Table 3. Percent decrease in SRP autoantibody levels after rituximab treatment*
|Patient||Anti-SRP 54||Anti-SRP 19||Anti-SRP 72||Anti–Jo-1||Time from last rituximab treatment to autoantibody analysis, months|
In this study, treatment with rituximab resulted in a dramatic and sustained clinical improvement in the majority of patients with anti-SRP myopathy (Table 4). Prior to rituximab therapy, many of these patients had continued to clinically deteriorate with marked weakness and severe disability. Several required the use of a wheelchair or could not get out of bed without assistance, and one had entered hospice despite maximal immunosuppression with multiple agents. One patient in particular (patient 2) had developed severe respiratory muscle weakness requiring prolonged intubation even after treatment with high-dose corticosteroids, methotrexate, azathioprine, cyclophosphamide, and plasma exchange. Now, 18 months after receiving 4 total doses of rituximab with adjunct corticosteroid therapy, this patient is able to walk, independently perform all of her activities of daily living, and has returned to work. Her response is similar to the other patients we have reported, as 6 of 8 patients showed a marked improvement in strength and/or decline in CK levels as early as 2 months after receiving 2 doses of rituximab. Three patients were readministered rituximab 6–8 months after initial dosing primarily to sustain the benefits achieved with the initial doses. Three patients have maintained this clinical improvement for as long as 12–18 months since the initial dose. Manual muscle strength data were incomplete for 2 patients who were either lost to followup (patient 7) or died (patient 4); in these patients, clinical response to rituximab was demonstrated by a decline in CK levels. Despite a lack of inflammation on histology, all of the patients were continued on adjunctive corticosteroid treatment after rituximab dosing since the anti-SRP myopathy can be responsive to steroids. However, in all 8 patients, the doses of corticosteroids were able to be substantially reduced after treatment with rituximab (Table 4).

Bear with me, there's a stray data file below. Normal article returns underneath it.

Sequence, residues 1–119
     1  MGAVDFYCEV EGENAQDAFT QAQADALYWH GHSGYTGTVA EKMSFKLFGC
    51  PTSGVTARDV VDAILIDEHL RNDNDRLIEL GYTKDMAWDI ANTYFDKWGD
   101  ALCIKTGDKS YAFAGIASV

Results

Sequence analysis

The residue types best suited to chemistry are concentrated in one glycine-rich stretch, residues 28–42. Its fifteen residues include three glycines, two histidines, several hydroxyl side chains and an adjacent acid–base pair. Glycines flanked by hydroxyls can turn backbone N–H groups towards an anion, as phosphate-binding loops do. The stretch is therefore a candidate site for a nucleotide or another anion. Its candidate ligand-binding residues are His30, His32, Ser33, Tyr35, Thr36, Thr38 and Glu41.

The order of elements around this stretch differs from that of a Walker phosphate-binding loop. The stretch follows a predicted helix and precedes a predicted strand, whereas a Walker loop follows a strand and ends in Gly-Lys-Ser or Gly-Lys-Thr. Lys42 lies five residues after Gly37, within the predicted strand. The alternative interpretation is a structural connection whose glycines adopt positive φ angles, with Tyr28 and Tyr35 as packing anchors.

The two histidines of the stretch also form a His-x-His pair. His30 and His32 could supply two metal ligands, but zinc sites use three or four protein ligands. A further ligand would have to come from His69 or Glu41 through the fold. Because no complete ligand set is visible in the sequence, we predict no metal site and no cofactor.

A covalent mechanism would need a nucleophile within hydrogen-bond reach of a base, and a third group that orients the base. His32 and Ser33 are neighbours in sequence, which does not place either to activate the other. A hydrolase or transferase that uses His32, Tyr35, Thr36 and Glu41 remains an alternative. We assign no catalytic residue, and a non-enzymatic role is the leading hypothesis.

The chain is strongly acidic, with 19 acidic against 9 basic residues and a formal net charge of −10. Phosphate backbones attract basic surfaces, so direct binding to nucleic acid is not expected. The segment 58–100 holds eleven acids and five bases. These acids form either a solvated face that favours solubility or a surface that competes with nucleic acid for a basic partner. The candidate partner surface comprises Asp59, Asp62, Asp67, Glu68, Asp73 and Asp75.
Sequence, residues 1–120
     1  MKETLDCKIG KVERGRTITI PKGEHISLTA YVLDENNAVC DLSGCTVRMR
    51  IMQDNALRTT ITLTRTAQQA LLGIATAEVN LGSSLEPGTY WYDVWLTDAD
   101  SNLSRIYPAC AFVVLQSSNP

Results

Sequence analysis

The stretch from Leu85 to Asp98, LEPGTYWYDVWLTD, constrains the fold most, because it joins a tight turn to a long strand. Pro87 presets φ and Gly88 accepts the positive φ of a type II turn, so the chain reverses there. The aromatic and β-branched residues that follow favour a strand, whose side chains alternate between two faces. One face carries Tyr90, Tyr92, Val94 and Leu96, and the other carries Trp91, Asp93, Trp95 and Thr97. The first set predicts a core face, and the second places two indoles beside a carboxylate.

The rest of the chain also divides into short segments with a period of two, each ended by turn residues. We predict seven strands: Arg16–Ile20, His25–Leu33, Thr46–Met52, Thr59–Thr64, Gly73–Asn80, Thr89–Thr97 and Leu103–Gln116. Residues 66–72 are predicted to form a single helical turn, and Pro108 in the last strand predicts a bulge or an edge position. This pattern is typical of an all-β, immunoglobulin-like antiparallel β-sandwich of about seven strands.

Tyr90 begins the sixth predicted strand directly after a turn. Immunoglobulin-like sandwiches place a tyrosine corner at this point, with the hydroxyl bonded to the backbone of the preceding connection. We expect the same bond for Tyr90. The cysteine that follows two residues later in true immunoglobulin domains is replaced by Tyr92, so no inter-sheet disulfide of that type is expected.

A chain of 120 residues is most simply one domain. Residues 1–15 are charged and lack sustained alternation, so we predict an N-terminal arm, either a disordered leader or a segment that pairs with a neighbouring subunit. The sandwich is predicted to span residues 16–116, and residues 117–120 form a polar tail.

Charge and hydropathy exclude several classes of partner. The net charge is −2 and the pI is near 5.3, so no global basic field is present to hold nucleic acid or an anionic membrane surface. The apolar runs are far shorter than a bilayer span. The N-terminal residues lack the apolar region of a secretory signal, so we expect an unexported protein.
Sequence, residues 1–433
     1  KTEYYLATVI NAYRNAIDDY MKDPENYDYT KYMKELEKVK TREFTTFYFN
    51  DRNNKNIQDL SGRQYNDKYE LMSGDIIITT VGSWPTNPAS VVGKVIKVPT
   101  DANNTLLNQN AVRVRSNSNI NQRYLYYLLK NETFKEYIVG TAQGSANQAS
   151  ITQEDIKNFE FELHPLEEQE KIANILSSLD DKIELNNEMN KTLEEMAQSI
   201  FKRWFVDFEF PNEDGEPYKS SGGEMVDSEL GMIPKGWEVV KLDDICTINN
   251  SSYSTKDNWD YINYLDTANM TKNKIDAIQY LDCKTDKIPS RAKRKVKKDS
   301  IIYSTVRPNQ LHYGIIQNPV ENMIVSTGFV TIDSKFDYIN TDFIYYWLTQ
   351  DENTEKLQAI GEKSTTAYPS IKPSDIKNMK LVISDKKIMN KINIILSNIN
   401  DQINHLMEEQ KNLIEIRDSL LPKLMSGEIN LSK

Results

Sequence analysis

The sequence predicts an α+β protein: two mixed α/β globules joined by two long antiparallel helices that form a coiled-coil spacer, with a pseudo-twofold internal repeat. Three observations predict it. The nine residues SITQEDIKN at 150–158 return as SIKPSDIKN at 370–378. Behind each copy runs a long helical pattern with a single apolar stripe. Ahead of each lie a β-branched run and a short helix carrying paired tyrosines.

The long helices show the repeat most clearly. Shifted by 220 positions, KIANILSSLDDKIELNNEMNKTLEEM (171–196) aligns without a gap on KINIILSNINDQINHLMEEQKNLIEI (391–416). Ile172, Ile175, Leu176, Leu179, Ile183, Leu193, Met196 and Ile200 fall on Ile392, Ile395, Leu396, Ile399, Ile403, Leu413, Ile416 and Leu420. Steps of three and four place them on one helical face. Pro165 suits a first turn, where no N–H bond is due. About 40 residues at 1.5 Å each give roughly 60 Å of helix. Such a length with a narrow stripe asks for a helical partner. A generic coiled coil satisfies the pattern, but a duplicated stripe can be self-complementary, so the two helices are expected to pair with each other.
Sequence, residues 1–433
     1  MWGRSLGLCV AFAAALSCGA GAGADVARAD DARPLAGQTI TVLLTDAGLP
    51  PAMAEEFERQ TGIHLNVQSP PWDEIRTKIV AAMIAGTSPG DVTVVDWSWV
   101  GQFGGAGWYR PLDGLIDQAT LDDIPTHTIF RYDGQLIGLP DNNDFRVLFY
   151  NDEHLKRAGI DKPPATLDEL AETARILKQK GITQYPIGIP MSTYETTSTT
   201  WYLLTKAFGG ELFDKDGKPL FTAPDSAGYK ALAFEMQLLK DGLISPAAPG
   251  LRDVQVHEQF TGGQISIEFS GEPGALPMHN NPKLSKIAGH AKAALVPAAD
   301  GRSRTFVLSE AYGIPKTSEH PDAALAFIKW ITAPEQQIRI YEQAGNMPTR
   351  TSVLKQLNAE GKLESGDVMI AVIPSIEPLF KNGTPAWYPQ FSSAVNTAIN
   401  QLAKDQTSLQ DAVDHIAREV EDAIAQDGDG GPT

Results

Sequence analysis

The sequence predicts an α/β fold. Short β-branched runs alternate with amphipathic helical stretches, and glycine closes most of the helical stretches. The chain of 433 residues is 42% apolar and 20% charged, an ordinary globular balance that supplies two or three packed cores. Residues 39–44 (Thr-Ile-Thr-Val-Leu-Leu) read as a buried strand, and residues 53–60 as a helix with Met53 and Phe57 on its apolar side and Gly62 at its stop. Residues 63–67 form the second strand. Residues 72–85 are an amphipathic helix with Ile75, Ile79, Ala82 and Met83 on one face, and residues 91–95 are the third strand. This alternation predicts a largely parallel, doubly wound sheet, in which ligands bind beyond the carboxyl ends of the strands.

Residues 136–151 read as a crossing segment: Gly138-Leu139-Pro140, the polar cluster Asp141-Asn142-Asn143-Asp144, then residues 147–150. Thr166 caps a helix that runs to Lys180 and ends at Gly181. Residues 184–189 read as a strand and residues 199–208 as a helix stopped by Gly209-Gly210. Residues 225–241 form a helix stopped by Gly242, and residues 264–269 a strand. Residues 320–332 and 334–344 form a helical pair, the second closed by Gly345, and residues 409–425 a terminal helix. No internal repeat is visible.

Table 4. Summary of response to B cell depletion therapy and outcome*
|Patient||CK level prior to therapy, IU/liter||Highest prednisone dosage, mg/day||Previous treatments||Doses of B cell depletion therapy||Lowest prednisone dosage posttherapy, mg/day||Lowest CK level posttherapy, IU/liter||Outcome post–B cell depletion and duration of remission|
|1||2,710||60||AZA, MTX||1,000 mg IV × 2 doses||20||622||Decline in CK and improvement in strength for 10 months|
|2||1,000||160||MTX, AZA, IVIG, plasma exchange||1,000 mg IV × 4 doses||5||163||Normalization of CK and improvement in strength for 18 months|
|3||550||40||MTX, AZA, IVIG, MMF||1,000 mg IV × 5 doses||15||126||Normalization of CK and improvement in strength for 19 months|
|4||1,063||80||IVIG, plasma exchange||1,000 mg IV × 1 dose||50||22||No outcome data; died 1 month later from pneumonia and CHF|
|5||2,900||80||MTX, IVIG||1,000 mg IV × 4 doses||10||963||Decline in CK for 12 months, re-dosed for increased CK|
|6||2,100||60||MTX, MMF, IVIG||1,000 mg IV × 2 doses||30||1,144||Improvement in strength and decline in CK for 9 months|